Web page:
Hollow Core Fiber

BT, formerly known as British Telecom has been working with Lumenisity to greatly improve the performance of hollow core fiber. This is fiber that takes advantage of the fact that light travels faster through air than it does through glass. In a hollow core fiber, air fills center tubes surrounded by glass. As can be seen by the picture accompanying this blog, multiple tubes of glass and air are created inside a single fiber creating a honeycomb effect.

There was news about hollow core fiber a decade ago when a lab at DARPA worked with Honeywell to improve the performance of the fiber. They found then that they could create a single straight path of light in the tubes that was perfect for military applications. The light could carry more bandwidth for greater distances without having to be regenerated. By not bouncing through glass, the signal maintained intensity for longer distances. DARPA found the fixed orientation of light inside the tubes to be of great value for communication with military-grade gyroscopes.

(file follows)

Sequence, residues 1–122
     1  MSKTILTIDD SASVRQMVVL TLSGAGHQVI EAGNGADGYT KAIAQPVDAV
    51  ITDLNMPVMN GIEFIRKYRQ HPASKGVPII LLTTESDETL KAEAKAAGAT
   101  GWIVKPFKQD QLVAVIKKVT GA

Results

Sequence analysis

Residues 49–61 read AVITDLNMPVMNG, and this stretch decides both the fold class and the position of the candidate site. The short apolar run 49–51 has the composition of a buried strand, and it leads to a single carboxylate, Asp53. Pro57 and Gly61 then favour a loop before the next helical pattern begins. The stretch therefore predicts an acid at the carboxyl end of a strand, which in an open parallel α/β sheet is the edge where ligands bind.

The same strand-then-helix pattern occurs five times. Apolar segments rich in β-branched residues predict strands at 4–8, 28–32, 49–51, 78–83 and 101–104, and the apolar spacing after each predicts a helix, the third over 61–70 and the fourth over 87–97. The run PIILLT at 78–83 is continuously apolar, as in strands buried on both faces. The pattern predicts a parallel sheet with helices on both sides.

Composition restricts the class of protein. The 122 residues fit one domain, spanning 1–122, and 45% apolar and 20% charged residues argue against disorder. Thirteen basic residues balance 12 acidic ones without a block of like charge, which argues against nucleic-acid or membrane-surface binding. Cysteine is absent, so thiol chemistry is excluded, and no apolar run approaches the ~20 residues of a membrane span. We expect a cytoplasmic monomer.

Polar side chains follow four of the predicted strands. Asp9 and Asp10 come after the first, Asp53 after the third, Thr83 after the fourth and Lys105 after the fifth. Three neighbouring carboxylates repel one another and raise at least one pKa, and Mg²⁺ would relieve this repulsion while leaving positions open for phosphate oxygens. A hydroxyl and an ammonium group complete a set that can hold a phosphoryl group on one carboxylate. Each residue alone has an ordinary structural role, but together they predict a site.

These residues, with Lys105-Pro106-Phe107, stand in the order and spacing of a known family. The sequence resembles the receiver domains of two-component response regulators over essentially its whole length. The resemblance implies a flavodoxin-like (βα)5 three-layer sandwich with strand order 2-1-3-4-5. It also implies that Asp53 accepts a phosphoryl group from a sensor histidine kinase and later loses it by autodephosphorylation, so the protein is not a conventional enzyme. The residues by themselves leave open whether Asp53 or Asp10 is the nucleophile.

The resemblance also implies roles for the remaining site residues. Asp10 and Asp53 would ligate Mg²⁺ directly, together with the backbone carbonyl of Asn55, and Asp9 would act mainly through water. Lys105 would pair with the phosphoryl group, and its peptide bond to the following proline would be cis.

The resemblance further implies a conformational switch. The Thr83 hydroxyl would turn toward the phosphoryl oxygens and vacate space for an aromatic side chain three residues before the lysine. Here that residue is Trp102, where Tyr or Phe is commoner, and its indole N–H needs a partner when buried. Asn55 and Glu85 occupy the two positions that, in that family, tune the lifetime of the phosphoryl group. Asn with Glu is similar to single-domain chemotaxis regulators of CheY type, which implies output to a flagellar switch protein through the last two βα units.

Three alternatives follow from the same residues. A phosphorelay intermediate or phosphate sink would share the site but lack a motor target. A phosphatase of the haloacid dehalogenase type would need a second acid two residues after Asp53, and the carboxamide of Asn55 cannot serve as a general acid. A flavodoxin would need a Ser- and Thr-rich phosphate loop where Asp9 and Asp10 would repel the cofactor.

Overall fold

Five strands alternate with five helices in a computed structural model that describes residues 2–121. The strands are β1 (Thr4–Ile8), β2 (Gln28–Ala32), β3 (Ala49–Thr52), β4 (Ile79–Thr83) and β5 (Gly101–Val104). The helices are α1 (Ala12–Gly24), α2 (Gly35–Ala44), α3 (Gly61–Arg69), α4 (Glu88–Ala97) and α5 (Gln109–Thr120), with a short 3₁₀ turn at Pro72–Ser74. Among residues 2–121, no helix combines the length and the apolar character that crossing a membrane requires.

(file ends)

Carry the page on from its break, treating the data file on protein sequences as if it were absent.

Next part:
Until the recent breakthrough, the hollow tube fiber was plagued by periodic high signal loss when the light signal lost it’s straight-path coherence. Lumenisity has been able to lower signal loss to 1 dB per kilometer, which is still higher than the 0.2 dB loss expected for traditional fiber. However, the lab trials indicate that better manufacturing process should be able to significantly lower signal loss.

The Lumenisity breakthrough comes from the ability to combine multiple wavelengths of light while avoiding the phenomenon known as interwave mixing where different light frequencies interfere with each other. By minimizing signal dispersion, Lumenisity has eliminated the need for digital signal processors that are used in other fiber to compensate for chromatic dispersion. This means repeater sites that can be placed further apart and that require simpler and cheaper electronics.